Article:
Donald Trump might be disastrous for most Americans and a danger to the world, but he has been a boon to historians. The more grotesque his presidency appears, the more historians are called on to make sense of it, often in 30-second blasts on cable news or in quick-take quotes in a news article.
As a historian, I’m glad to see my profession getting some much deserved publicity. But I also worry about the rapid-fire, superficial way history is being presented, as if it’s mostly a matter of drawing historical analogies. The result is that readers and viewers get history lessons that are often misleading when it comes to Mr. Trump, and shed little light on our current travails.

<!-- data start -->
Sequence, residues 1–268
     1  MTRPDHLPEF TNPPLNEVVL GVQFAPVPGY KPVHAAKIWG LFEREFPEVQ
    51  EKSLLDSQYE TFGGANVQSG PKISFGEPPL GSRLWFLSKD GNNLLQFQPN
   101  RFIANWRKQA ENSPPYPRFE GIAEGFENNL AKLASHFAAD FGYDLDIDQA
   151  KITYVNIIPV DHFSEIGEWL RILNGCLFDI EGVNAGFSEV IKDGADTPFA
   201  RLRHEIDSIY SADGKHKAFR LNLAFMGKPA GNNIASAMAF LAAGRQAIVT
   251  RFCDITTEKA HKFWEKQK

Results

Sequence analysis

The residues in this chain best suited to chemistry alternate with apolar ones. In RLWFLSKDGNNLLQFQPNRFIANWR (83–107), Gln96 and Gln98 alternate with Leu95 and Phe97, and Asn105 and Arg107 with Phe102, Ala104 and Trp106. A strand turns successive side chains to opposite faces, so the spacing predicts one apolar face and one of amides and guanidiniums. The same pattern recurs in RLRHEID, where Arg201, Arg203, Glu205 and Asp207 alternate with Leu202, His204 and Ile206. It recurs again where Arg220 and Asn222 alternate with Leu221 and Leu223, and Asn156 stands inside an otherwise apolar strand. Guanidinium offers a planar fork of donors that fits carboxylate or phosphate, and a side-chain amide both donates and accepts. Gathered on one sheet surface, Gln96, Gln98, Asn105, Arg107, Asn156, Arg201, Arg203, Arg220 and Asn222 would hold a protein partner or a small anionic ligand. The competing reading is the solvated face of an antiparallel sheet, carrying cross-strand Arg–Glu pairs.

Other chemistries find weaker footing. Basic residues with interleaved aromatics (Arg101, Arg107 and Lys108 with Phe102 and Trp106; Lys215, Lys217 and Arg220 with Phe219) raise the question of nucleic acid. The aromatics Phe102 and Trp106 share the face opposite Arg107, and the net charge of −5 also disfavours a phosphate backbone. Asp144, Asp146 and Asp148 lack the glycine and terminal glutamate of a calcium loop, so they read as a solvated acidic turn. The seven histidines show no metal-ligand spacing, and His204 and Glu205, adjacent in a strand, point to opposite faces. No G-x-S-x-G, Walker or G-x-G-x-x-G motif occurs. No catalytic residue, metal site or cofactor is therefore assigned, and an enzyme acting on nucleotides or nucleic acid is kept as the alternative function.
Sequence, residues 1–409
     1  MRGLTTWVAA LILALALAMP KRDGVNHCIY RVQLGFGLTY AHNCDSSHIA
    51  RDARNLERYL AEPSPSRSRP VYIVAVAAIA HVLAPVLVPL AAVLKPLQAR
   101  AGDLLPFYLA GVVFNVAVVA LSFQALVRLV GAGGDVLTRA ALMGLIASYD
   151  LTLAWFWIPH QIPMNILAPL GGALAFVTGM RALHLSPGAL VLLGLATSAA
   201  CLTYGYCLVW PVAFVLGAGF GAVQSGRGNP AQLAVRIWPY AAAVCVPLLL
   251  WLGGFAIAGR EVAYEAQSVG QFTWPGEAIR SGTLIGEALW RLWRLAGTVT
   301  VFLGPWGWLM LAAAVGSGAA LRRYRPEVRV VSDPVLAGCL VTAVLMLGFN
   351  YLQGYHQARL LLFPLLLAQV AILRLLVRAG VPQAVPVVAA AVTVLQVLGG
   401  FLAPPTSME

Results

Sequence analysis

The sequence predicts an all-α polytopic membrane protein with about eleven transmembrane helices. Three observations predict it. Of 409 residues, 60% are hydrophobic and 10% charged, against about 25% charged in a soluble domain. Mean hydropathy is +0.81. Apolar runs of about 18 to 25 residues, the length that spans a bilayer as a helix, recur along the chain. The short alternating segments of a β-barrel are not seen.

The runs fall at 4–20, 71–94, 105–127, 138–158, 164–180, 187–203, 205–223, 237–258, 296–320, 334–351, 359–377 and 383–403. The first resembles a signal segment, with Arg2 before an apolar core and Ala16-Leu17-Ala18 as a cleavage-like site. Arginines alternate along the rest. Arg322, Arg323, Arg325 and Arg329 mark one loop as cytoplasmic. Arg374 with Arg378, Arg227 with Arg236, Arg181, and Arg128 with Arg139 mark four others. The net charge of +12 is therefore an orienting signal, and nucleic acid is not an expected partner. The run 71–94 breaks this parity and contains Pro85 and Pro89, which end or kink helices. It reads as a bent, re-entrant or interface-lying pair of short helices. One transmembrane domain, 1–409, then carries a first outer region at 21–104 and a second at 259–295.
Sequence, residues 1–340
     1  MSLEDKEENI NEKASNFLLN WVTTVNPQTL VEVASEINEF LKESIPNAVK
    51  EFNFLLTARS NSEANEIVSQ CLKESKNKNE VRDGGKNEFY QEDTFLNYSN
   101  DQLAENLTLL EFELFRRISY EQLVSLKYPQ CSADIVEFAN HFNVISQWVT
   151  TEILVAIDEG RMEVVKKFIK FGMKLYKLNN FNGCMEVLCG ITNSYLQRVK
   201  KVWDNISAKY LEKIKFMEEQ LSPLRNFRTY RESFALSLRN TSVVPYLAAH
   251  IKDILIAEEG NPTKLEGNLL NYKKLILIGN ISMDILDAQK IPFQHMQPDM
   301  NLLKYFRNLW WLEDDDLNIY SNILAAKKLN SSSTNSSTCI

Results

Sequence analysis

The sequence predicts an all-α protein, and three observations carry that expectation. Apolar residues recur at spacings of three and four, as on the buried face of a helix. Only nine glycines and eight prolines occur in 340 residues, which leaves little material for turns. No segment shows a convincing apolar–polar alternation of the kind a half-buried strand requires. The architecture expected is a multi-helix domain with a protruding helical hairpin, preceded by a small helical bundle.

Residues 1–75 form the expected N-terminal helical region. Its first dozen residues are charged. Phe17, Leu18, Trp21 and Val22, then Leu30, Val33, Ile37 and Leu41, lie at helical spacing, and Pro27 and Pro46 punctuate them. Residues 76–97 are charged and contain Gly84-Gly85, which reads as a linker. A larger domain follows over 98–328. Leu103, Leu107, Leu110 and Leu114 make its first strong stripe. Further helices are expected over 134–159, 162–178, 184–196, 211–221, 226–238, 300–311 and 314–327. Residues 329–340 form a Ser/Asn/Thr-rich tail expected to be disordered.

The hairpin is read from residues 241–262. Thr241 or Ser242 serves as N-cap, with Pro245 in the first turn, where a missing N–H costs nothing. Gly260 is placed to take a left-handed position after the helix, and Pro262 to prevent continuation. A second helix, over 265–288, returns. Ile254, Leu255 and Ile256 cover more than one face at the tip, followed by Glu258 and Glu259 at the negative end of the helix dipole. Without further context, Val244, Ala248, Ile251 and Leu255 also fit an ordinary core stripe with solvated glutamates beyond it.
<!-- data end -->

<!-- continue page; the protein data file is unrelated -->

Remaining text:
This is partly because this is not what historians should be doing. We teach our students to be wary of analogies, which are popular with politicians and policy makers (who choose them to serve their agendas) but often distort both the past and the present.
To take just one example, during his campaign, Mr. Trump was frequently compared to Huey Long, the Depression-era governor of Louisiana. Sure, there are similarities: Like Mr. Trump, Long ran in the name of the “people,” attacked the establishment and was labeled a demagogue and fascist by his critics. But the differences are even more important: Long was self-made, a genuine populist who took on powerful interests, and as governor was responsible for building roads, bridges and hospitals and helping the poor. He never engaged in race baiting — astonishing for a populist Southern politician in that era. The point isn’t that Mr. Trump is or is not like Long (and he’s not); it’s that the analogy is meaningless.